Farbokht

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Farbokht (or Marabokht) served briefly as bishop of Seleucia-Ctesiphon, grand metropolitan and primate of the Church of the East in 421. He is included in the traditional list of patriarchs of the Church of the East.

Sources[edit]

Brief accounts of Farbokht's short reign are given in the Ecclesiastical Chronicle of the Jacobite writer Bar Hebraeus (floruit 1280) and in the ecclesiastical histories of the Nestorian writers Mari (twelfth-century), ʿAmr (fourteenth-century) and Sliba (fourteenth-century). His life is also covered in the Chronicle of Seert.

Modern assessments of his reign can be found in Wigram's Introduction to the History of the Assyrian Church and David Wilmshurst's The Martyred Church.[1]

Farbokht's patriarchate[edit]

The following account of Farbokht's reign is given by Bar Hebraeus:

After Magna [Maʿna], Marabokht. This is a Persian name. This man, after the anathematisation of Magna, bribed king Bahram, son of Yazdegerd, and compelled the bishops to consecrate him under threat of force. The bishops then fled to the leading men of the kingdom and found an opportunity to depose Marabokht, and after rejecting him completely hurled an anathema against him. [2]

A slightly fuller account of Farbokht's reign is given by Mari:

The patriarch Farbokht was bishop of Kazrun. After the death of the patriarch Maʿna he sought the help of the captain of Bahram’s guard to seek the patriarchate, giving him large sums of money and promising to follow the customs of the magi; and at the same time he began to importune the people and the leaders until they appointed him patriarch. He sat for only a short space of time, and before long the fathers and the bishops urgently implored the friends of Bahram to depose him. And so the church was saved from his wickedness, and his name was expunged from the roll of the living and the dead.[3]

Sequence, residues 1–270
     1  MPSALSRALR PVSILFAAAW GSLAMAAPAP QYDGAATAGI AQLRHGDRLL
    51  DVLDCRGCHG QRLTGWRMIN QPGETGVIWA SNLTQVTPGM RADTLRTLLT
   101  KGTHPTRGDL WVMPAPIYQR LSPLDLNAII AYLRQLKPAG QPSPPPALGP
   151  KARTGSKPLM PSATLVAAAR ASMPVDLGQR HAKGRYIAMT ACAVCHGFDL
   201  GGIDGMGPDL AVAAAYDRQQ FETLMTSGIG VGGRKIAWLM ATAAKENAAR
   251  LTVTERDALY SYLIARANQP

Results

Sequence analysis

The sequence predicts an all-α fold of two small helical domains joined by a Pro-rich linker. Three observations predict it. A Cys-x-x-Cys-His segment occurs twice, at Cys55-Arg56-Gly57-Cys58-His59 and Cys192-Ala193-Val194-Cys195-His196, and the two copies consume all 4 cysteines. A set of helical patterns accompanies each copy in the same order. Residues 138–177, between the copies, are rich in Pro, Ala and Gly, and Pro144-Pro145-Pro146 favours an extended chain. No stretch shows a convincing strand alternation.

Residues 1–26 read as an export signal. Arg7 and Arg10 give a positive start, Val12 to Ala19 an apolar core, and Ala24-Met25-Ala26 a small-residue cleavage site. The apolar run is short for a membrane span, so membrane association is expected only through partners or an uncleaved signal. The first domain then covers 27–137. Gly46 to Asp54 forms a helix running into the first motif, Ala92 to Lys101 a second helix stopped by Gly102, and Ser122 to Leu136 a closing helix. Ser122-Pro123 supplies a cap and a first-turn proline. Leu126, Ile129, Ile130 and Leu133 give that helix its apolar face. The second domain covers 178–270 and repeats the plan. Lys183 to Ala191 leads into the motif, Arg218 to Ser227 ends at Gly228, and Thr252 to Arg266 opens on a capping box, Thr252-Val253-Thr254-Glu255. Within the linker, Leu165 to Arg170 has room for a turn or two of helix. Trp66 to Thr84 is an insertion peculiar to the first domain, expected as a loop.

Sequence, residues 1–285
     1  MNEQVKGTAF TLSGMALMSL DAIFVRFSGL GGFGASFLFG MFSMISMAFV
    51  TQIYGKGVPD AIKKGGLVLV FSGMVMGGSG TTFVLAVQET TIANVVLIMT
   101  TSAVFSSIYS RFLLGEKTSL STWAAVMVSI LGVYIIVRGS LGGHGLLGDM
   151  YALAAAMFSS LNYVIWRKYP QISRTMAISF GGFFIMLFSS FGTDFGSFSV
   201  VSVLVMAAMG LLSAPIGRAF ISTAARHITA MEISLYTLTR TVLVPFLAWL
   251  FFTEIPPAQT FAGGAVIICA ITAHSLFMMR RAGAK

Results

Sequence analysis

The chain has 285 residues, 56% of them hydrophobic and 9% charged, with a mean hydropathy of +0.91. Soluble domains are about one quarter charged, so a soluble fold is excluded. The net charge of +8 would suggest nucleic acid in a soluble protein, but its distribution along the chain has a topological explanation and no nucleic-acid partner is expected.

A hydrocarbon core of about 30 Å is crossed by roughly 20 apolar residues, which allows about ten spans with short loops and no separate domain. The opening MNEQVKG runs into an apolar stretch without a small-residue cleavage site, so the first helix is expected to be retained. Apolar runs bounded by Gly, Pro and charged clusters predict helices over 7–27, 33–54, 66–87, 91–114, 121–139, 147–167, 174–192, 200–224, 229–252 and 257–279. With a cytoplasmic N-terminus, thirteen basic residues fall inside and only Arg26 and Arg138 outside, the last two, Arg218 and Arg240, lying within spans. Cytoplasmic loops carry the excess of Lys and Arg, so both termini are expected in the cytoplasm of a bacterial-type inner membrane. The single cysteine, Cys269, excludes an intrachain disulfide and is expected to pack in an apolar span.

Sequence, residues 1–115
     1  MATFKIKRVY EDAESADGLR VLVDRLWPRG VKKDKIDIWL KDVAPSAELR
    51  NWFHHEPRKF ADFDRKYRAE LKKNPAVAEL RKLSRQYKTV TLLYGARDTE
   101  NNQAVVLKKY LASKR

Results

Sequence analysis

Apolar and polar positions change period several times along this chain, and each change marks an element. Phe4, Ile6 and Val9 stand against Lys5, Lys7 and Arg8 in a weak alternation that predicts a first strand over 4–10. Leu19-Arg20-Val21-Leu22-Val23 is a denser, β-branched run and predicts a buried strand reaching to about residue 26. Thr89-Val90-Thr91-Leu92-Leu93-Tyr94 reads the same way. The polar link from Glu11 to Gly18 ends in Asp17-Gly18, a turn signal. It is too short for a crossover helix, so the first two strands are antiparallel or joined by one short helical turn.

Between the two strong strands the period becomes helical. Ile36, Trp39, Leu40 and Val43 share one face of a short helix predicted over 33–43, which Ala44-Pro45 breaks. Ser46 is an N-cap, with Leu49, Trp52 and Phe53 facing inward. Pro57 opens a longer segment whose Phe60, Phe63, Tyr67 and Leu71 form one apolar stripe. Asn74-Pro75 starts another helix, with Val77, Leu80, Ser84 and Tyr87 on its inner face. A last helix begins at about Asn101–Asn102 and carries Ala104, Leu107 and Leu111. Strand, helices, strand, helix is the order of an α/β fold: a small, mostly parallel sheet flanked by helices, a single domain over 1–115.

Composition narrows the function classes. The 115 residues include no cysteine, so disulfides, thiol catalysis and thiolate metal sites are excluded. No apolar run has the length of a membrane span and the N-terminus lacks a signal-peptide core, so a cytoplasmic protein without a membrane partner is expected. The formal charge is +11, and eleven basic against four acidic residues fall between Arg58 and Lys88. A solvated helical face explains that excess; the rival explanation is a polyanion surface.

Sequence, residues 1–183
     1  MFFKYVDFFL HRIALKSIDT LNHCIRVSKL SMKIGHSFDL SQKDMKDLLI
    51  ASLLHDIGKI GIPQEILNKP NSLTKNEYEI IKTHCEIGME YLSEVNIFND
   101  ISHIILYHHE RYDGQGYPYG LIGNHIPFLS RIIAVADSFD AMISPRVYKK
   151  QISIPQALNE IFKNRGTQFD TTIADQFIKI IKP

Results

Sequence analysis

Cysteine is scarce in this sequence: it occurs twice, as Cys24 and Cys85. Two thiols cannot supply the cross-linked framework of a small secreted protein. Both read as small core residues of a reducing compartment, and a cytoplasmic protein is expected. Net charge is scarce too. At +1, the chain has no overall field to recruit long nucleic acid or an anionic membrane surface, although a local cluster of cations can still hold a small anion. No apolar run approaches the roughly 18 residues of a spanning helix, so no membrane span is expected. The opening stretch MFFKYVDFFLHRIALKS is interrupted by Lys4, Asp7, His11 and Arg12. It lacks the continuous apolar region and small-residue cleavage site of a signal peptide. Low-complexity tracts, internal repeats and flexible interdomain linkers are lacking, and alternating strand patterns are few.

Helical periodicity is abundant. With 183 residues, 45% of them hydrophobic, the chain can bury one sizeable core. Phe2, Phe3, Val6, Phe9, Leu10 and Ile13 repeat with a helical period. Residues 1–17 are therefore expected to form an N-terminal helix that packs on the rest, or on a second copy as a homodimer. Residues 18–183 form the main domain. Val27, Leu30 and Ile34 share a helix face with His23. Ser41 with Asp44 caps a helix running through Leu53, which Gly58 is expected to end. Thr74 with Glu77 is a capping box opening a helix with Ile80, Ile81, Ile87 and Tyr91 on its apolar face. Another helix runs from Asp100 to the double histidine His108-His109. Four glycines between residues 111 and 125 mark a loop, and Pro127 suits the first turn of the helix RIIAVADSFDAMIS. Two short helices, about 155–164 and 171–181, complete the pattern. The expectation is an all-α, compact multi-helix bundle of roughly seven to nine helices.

See also[edit]

Notes[edit]

  1. ^ Wigram, Assyrian Church, 120–22; Wilmshurst, The Martyred Church, 22
  2. ^ Bar Hebraeus, Ecclesiastical Chronicle (ed. Abeloos and Lamy), ii. 58–60
  3. ^ Mari, 36 (Arabic), 31 (Latin)

References[edit]

  • Abbeloos, J. B., and Lamy, T. J., Bar Hebraeus, Chronicon Ecclesiasticum (3 vols, Paris, 1877)
  • Assemani, J. A., De Catholicis seu Patriarchis Chaldaeorum et Nestorianorum (Rome, 1775)
  • Brooks, E. W., Eliae Metropolitae Nisibeni Opus Chronologicum (Rome, 1910)
  • Gismondi, H., Maris, Amri, et Salibae: De Patriarchis Nestorianorum Commentaria I: Amri et Salibae Textus (Rome, 1896)
  • Gismondi, H., Maris, Amri, et Salibae: De Patriarchis Nestorianorum Commentaria II: Maris textus arabicus et versio Latina (Rome, 1899)
  • Wigram, William Ainger, An Introduction to the History of the Assyrian Church (London, 1910).
  • Wilmshurst, David, The Martyred Church: A History of the Church of the East (London, 2011).

External links[edit]

Preceded by
Maʿna
(420)
Catholicus-Patriarch of the East
(421)
Succeeded by
Dadishoʿ
(421–456)